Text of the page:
The trip to Ely, Minnesota was my first encounter to with rural America. To be honest, I had not had much of an encounter with America itself. I had only arrived the country the first time just over a week ago. And my encounter had been mostly limited to the pleasantly choreographed tours around the twin cities of St. Paul and Minneapolis by the wonderful organisers of the World Press Institute (WPI) fellowship. I had only gone out once on my own to a nearby Walmart to buy groceries.
In a country that posses the largest number of nuclear weapons, where people prefer hamburgers rather than soup and adore Justin Bieber, but still keep faith in God. In the USA religion plays quite a big role. At least it played…
The change in the debate about foreign policy in Presidential campaigns in the U.S. represented by the proposals of G.O.P.’s candidate, Donald J. Trump, is the main point of an interview with Dr. Renee Buhr, associate professor of Political Science and International Relations at the University of St. Thomas. The interview was published on Monday by O Estado de S.Paulo.
When we say we live in a “global village”, most of us don’t know what’s going on in each house of that village. Sometimes many of us don’t even know what’s going on in our own house.
If it were not for the World Press Institute, I wouldn’t have the luxury to leave all my crazy work behind in China, soak myself into American politics (and parties) and talk about Clinton and Trump all day long.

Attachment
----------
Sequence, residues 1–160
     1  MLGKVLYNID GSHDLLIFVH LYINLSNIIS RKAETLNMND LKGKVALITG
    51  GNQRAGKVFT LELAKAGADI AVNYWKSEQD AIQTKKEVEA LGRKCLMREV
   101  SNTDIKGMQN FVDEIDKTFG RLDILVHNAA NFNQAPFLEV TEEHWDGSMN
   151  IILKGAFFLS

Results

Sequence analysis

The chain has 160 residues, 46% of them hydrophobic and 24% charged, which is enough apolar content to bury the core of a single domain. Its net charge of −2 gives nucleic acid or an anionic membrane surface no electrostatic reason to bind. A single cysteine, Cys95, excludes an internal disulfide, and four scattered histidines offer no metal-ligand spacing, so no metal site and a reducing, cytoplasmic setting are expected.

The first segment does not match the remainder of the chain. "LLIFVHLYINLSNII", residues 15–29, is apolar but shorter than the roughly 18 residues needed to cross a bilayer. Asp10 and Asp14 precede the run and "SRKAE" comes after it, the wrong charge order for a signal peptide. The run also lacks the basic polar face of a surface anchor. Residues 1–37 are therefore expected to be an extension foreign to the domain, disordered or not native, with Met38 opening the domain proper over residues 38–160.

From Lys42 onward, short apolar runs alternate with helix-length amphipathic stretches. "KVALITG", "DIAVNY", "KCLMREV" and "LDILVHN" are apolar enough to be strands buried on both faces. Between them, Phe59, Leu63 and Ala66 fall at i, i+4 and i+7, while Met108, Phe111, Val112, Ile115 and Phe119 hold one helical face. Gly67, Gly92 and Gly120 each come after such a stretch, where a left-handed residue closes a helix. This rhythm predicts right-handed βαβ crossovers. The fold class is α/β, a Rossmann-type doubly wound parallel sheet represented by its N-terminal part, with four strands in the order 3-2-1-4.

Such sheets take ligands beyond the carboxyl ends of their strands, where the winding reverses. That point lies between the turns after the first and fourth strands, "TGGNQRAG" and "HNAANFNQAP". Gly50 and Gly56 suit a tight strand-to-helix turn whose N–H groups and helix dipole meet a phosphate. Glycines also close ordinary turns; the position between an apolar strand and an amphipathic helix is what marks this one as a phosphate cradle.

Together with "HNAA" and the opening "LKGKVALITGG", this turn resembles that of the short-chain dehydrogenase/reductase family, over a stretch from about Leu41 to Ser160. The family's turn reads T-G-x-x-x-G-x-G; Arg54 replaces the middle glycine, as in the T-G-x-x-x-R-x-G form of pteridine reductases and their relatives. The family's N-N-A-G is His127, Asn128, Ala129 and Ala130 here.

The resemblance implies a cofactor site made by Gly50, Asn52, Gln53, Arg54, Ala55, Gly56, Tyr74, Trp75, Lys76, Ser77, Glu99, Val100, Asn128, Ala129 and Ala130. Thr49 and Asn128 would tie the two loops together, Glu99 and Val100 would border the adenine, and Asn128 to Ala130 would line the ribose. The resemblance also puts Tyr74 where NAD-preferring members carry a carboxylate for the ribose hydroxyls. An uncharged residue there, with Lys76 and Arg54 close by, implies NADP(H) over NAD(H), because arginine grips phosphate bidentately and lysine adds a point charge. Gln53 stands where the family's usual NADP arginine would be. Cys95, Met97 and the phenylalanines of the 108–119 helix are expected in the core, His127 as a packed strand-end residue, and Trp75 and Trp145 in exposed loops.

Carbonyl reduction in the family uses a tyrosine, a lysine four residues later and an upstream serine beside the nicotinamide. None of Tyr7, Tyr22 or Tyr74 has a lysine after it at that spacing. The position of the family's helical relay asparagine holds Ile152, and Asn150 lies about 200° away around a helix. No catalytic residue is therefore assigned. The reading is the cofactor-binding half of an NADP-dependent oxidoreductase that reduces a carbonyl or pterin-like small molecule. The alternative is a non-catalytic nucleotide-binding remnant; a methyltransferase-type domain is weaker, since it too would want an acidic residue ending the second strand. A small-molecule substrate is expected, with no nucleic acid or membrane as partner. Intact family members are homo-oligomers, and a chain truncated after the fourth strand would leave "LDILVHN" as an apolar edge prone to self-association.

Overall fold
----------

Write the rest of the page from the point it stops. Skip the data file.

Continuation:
Since the beginning of his campaign to be the G.O.P.’s candidate in the Presidential election, Donald J. Trump has already suggested to build a wall along the border to Mexico, to increase imports tax, stated that he would fight ISIS and that the U.S. should not defend its N.A.T.O. allies in case of an attack. In the view of Dr. Renee Buhr, associate professor of Political Science and International Relations at the University of St. Thomas, Trump’s proposals represent a change in the debate about foreign policy in Presidential campaigns.
It’s a gray day afternoon and the weather app on my cell phone forecasts a strong rain in the following hours. Over a pedestrian bridge at 35 highway a group of some ten Trump supporters wave campaign flags and show signs with the slogan "Make America Great Again." Some of them are unsuccessfully asking drivers to honk. They seemed excited nonetheless.